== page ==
The first thing you should consider when adopting serverless is your people
Freedom: “Going Serverless”
Serverless Architectures are an emerging trend in cloud computing. If you have been to an AWS summit or developer day this year (2016), Serverless has been a major theme. AWS is not the only provider pushing serverless. Azure, Google, IBM and WebTask are all pushing hard to develop their Serverless services.
There are great developers all around the world building Serverless systems. A Cloud Guru launched an entirely Serverless online training system in late 2015. This allowed A Cloud Guru to iterate quickly and scale easily.
But, is a Serverless Architecture right for you? What are the factors to consider before choosing to develop a Serverless system?
Over the coming weeks we will discuss the issues we think you should consider. We’ve selected these issues based on our experience at A Cloud Guru. Let’s start with People and DevOps.
Software is created by people. The first thing you should consider when evaluating Serverless is your people.
To build a Serverless system, developers must choose and utilise many different cloud services. Knowledge of the available services and how each service works is critical.
If you need a messaging system on AWS you can choose between SNS, SQS, Kinesis or even DynamoDB streams. Each of these services integrates with Lambda differently and handles failures differently. Understanding those differences is critical when making decisions about what services to use.
If your team is not experienced with cloud services, there are various ways to gain it. Meetup groups and online forums are great places to connect with other developers. If you need to learn about AWS, A Cloud Guru delivers great training courses online.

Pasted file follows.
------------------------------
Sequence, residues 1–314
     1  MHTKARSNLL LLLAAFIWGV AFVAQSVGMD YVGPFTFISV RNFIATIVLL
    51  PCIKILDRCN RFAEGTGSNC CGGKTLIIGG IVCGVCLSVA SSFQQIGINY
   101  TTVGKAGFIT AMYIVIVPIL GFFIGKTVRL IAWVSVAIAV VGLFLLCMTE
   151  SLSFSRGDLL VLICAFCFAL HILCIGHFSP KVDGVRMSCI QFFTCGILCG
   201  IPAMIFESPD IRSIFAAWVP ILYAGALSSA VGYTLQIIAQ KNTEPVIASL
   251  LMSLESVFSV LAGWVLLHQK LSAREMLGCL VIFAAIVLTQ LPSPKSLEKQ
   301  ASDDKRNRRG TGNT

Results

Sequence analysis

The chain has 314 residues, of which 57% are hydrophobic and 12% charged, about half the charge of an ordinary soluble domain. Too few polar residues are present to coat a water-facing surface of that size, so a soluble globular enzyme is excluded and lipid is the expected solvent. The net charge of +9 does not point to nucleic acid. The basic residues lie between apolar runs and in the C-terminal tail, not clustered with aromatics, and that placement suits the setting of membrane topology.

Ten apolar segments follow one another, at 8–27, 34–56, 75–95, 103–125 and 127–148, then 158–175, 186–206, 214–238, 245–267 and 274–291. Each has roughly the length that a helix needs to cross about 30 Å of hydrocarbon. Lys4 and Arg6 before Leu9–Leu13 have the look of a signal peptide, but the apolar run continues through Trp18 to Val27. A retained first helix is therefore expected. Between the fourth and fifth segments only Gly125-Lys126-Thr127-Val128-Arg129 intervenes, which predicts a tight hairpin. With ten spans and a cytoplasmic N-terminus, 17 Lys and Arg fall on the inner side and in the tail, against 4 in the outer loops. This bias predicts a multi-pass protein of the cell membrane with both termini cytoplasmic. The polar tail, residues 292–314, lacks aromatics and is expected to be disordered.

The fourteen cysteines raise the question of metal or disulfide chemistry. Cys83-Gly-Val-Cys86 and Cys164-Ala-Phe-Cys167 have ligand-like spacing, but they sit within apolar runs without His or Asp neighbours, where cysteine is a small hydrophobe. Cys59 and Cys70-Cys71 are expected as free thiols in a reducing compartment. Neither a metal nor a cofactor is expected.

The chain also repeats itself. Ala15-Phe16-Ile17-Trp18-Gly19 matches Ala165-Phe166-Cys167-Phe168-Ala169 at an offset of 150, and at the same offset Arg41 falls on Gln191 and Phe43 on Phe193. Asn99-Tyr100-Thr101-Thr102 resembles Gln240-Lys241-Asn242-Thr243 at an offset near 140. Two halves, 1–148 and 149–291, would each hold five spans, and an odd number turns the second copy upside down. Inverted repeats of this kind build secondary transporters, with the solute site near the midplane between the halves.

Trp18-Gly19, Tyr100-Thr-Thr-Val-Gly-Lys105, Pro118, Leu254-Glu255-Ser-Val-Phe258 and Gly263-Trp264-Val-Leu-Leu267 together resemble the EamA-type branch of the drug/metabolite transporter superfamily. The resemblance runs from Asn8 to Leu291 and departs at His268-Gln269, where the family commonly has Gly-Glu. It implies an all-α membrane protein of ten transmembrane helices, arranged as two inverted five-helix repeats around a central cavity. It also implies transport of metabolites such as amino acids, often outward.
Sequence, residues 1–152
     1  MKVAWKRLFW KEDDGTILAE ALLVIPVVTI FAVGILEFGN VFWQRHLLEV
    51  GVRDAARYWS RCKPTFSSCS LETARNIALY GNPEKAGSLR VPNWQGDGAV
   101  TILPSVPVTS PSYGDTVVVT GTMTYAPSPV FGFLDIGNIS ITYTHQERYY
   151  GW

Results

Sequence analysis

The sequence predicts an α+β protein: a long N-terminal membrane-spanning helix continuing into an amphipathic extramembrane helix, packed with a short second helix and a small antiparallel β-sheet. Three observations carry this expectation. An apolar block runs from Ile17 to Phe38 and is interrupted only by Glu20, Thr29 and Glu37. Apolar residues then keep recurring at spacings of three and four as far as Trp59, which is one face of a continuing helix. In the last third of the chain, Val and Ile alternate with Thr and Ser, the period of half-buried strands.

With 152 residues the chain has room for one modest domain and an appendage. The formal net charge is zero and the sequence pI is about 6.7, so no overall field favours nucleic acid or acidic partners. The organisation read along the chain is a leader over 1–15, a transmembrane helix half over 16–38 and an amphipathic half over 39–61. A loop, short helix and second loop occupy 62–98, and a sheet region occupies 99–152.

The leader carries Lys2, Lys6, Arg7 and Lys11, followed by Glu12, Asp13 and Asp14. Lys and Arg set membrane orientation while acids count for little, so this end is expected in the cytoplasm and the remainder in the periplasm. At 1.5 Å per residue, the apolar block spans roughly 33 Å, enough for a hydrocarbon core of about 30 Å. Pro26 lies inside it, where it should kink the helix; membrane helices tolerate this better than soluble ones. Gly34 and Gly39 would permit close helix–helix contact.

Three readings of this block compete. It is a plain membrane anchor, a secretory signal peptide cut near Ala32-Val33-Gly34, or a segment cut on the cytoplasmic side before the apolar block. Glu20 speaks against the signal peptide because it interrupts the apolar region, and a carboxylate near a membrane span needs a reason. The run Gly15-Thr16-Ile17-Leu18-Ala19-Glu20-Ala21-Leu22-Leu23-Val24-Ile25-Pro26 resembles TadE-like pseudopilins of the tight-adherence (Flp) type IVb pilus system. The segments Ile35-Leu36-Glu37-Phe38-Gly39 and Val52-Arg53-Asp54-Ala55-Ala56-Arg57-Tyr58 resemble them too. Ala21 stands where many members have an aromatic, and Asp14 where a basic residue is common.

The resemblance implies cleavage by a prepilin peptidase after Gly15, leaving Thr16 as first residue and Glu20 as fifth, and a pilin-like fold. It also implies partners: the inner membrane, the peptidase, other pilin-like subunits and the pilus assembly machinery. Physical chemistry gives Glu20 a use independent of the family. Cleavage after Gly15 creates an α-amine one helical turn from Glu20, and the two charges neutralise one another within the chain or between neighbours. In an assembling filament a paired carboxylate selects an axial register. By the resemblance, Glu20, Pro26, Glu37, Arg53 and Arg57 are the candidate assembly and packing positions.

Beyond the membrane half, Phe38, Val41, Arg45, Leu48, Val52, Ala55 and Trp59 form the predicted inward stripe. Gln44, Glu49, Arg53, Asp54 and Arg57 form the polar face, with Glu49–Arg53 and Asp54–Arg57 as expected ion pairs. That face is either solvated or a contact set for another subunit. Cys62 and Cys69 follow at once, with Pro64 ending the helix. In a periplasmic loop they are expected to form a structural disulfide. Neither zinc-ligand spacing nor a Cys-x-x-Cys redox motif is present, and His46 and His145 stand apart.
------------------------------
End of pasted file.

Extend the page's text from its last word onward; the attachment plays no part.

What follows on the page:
Serverless systems are usually comprised of services provided by many different providers. Imagine a system with 5 different cloud providers built by a team of 4 developers. Do you have one account per developer for each service? Are developers able to share accounts for some services? Do you also need separate accounts for production and staging? The number of accounts you need to manage can multiply quickly with Serverless systems.
Managing access to these services is important. Organisations need to be able to grant and deny access to services as employees join and leave the organisation. A password manager can go a long way to solving this problem. For larger organisations, SSO systems can help. But you may need to create accounts for service providers that do not support SSO.
A common misconception about Serverless is that it is NoOps. Just because you do not manage the servers, does not mean there are no operational tasks. You still need to test, deploy, log and monitor your code.
There is a strong relationship between the development process and code quality. If developers are battling tools to produce code, they will not be writing quality code.
How do I define my resources?
How easy is it to deploy my environment to the cloud?
Can I develop offline?